The Bend Bulletin reports

A Bend-based cannabis firm faces a $15,000 fine and is barred from harvesting for 34 days while its growers permit is suspended, the Oregon Liquor Control Commission announced Thursday.

The OLCC cited Oregrown for seven violations of state regulations. Oregrown’s license violations stem from a former employee and stockholder who took marijuana seeds and plants from its growing facility to an unlicensed location in January 2018.

The OLCC revoked the marijuana worker permit and issued a letter of reprimand to Oregrown’s former shareholder and head grower, Justin Crawn. He will not be able to work in any legal marijuana business in Oregon without a worker permit.

“These are very serious offenses,” Matthew Van Sickle, OLCC public affairs specialist, said in an email. “But because Oregrown presented evidence that it was the victim of a theft, there were mitigating circumstances for Oregrown. The apparently responsible party has been penalized to the full extent of the commission’s power by revocation of his worker permit, and has also agreed to return the stolen seeds to the licensed system.”

Oregrown’s suspension, which begins at 7 a.m., July 20 and ends at 7 a.m., Aug. 23, means the company cannot transfer or harvest product, but can water and tend the plants, Van Sickle said. The fine must be paid by July 15, according to the agreement.

About a quarter of what the company sells in its stores is grown in-house, said Alex Tinker, Oregrown’s attorney.

This is not the first OLCC violation for Oregrown. In July 2018, the company’s then-president, Hunter Neubauer, was sanctioned for making false statements and had his worker permit suspended for 23 days. The company’s processing license was suspended by the OLCC for 46 days, and Oregrown was fined $4,950.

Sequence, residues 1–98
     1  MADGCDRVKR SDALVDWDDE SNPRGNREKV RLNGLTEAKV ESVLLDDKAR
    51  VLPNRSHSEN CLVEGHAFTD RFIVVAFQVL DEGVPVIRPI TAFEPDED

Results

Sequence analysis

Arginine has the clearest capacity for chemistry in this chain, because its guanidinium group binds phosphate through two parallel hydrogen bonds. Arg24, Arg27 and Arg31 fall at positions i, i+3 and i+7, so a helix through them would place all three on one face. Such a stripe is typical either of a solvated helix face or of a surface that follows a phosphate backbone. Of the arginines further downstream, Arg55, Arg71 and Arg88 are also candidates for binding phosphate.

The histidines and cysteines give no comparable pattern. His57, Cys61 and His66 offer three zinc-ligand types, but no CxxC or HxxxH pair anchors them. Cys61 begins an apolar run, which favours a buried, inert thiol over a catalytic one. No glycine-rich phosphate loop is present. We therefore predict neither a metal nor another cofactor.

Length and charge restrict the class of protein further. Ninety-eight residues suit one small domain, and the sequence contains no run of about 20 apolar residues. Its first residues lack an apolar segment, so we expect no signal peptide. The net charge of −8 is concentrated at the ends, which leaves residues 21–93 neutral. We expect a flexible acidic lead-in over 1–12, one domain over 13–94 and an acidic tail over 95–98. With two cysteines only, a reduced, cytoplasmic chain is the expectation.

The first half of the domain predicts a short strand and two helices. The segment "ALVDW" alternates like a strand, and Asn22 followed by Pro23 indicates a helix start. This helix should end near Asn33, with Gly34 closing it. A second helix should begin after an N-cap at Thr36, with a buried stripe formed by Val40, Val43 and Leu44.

Neubauer is currently the co-founder. Previously he was chairman of the board.

In May, the cannabis company settled an acrimonious lawsuit filed in Deschutes Circuit Court against the former head grower Crawn. In the lawsuit Oregrown alleged that under Crawn’s care, the company’s growing facility in Tumalo was a complete loss and didn’t produce any shelf-worthy flower. The company discussed parting ways with Crawn, and he took 51 seed packets and at least one clone of all but one strain from the Tumalo facility.

Oregrown was founded in 2014 by Aviv Hadar, his mother, Tsiona Bitton and Crawn, according to the lawsuit. Later Kevin Hogan, Neubauer and Peter and Patricia Neubauer joined the company as shareholders and directors, filings show.

“The OLCC’s actions were something that arose out of violations that a former employee committed,” Tinker said. “Hopefully this will be the end of a long story.”

The impact of the suspension on the company’s revenues will depend on harvest cycle, Tinker said.

“Oregrown is struggling to minimize the impact of the suspension, but there’s no way to eliminate it,” Tinker said. “It won’t be catastrophic, but it will be substantial.”